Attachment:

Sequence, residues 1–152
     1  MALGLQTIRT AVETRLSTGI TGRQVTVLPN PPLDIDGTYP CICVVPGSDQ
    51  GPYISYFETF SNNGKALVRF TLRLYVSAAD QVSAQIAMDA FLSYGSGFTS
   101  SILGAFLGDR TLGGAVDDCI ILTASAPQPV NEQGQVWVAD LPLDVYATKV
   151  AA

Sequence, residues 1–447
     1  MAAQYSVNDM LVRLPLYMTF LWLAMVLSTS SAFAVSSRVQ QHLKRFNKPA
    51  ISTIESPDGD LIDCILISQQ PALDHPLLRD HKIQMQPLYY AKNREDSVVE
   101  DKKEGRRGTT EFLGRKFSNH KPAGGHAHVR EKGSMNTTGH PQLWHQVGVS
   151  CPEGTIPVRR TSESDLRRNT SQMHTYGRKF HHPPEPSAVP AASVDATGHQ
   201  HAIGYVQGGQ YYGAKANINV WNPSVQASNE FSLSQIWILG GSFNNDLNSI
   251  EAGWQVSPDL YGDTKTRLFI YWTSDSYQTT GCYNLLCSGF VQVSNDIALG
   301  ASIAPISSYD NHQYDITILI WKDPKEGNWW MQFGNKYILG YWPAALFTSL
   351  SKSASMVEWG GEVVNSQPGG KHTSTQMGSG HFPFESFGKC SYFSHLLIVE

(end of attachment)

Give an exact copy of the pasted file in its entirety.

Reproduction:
Sequence, residues 1–152
     1  MALGLQTIRT AVETRLSTGI TGRQVTVLPN PPLDIDGTYP CICVVPGSDQ
    51  GPYISYFETF SNNGKALVRF TLRLYVSAAD QVSAQIAMDA FLSYGSGFTS
   101  SILGAFLGDR TLGGAVDDCI ILTASAPQPV NEQGQVWVAD LPLDVYATKV
   151  AA

Sequence, residues 1–447
     1  MAAQYSVNDM LVRLPLYMTF LWLAMVLSTS SAFAVSSRVQ QHLKRFNKPA
    51  ISTIESPDGD LIDCILISQQ PALDHPLLRD HKIQMQPLYY AKNREDSVVE
   101  DKKEGRRGTT EFLGRKFSNH KPAGGHAHVR EKGSMNTTGH PQLWHQVGVS
   151  CPEGTIPVRR TSESDLRRNT SQMHTYGRKF HHPPEPSAVP AASVDATGHQ
   201  HAIGYVQGGQ YYGAKANINV WNPSVQASNE FSLSQIWILG GSFNNDLNSI
   251  EAGWQVSPDL YGDTKTRLFI YWTSDSYQTT GCYNLLCSGF VQVSNDIALG
   301  ASIAPISSYD NHQYDITILI WKDPKEGNWW MQFGNKYILG YWPAALFTSL
   351  SKSASMVEWG GEVVNSQPGG KHTSTQMGSG HFPFESFGKC SYFSHLLIVE